Problem when realizing DSP algorithm:LMS on xCORE-200 MC Audio

Technical questions regarding the xTIMEcomposer, xSOFTip Explorer and Programming with XMOS.
cjf1699
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Posts: 40
Joined: Fri Mar 16, 2018 2:30 pm

Problem when realizing DSP algorithm:LMS on xCORE-200 MC Audio

Postby cjf1699 » Sun Apr 15, 2018 12:02 pm

Dear everyone,
I want to realize the LMS(least mean square) algorithm on xCORE-200 MC audio. Actually, my goal is to make an ANC headphone based on XMOS processor. Now I have managed to collect the noise signal and the error signal by microphones. And I tried to use the xCORE-200 DSP library. I created a new LMS function named "dsp_adaptive_new_lms" based on the original function: dsp_adaptive_lms in the library as follows:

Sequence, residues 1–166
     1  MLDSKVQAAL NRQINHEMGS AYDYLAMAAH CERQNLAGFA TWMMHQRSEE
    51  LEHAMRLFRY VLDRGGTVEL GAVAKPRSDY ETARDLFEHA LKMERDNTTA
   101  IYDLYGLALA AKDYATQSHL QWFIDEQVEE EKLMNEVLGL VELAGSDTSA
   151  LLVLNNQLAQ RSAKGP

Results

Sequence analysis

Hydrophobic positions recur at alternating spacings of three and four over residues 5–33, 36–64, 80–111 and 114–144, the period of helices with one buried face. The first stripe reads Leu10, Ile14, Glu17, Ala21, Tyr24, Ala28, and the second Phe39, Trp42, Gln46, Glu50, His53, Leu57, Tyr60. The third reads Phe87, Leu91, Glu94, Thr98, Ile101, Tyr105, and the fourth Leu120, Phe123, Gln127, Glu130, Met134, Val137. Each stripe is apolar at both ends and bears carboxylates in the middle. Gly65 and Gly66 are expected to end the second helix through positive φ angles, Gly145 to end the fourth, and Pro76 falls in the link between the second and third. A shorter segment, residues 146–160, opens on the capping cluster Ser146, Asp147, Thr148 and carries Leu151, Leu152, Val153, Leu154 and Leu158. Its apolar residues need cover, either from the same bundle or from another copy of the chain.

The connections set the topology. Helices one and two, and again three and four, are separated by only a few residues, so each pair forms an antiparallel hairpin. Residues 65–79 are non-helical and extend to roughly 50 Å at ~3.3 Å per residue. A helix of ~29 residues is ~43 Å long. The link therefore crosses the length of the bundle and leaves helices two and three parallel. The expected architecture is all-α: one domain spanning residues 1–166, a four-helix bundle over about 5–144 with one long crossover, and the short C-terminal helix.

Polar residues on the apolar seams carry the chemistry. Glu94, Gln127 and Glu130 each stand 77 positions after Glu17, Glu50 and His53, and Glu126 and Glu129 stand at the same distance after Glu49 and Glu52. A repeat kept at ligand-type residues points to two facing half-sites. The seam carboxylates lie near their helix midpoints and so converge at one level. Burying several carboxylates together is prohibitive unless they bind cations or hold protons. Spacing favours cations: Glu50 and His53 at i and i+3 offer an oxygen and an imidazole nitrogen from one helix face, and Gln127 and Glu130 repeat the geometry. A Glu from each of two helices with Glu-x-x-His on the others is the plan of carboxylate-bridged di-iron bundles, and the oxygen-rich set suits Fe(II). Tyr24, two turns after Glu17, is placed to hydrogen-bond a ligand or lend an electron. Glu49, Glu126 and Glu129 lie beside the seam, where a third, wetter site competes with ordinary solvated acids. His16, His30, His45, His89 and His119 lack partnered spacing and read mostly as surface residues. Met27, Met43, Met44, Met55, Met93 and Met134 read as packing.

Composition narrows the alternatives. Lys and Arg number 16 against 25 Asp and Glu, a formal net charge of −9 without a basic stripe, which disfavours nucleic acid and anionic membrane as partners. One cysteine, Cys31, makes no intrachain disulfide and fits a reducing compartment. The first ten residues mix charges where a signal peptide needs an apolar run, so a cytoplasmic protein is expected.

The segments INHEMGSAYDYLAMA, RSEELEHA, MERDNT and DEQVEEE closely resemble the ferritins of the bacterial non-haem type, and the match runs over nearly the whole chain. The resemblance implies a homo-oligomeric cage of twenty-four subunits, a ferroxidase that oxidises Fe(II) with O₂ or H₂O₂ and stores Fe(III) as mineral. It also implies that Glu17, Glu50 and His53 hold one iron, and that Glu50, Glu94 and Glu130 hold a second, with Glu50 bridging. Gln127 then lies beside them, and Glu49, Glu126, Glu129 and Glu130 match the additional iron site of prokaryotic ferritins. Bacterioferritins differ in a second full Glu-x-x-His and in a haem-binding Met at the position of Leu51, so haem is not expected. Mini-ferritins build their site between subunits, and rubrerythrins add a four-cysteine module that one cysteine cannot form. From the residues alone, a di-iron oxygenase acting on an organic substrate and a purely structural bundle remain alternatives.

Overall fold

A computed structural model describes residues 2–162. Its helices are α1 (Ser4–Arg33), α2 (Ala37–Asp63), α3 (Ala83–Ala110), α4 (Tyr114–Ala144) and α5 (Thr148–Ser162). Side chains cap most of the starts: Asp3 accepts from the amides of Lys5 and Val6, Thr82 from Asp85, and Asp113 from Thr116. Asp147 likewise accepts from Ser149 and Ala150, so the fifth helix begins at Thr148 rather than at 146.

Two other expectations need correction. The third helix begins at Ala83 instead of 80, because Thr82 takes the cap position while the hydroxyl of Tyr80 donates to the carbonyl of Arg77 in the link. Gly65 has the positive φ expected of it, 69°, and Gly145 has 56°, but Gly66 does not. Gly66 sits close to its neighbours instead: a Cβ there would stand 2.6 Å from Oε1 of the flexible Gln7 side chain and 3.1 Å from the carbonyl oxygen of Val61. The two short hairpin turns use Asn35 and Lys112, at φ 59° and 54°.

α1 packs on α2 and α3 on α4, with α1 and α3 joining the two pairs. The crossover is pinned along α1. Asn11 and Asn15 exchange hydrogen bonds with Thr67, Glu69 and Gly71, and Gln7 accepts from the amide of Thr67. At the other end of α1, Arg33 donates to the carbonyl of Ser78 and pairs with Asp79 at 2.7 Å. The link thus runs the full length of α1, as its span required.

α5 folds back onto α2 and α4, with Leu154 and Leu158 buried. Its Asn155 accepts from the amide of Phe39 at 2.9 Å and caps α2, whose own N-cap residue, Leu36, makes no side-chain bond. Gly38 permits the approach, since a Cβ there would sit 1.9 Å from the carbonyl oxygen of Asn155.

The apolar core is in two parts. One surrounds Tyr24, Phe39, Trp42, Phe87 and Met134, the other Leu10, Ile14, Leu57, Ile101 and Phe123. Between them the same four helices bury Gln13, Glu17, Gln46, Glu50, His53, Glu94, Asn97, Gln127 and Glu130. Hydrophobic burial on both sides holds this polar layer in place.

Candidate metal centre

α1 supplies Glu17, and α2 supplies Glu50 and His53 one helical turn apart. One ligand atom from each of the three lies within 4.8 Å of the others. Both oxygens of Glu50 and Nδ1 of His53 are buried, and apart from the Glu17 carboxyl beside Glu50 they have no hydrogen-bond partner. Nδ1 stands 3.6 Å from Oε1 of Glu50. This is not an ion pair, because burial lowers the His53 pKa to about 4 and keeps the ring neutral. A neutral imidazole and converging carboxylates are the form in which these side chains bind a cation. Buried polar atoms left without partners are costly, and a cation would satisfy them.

The original: which can be seen in the "app_adaptive" from the example AN00209

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int32_t dsp_adaptive_lms
(
    int32_t  source_sample,
    int32_t  reference_sample,
    int32_t* error_sample,
    const int32_t* filter_coeffs,
    int32_t* state_data,
    const int32_t num_taps,
    const int32_t mu,
    const int32_t q_format
) {
    int32_t output_sample, mu_err;
   
    // Output signal y[n] is computed via standard FIR filter:
    // y[n] = b[0] * x[n] + b[1] * x[n-1] + b[2] * x[n-2] + ...+ b[N-1] * x[n-N+1]

    output_sample = dsp_filters_fir( source_sample, filter_coeffs, state_data, num_taps, q_format );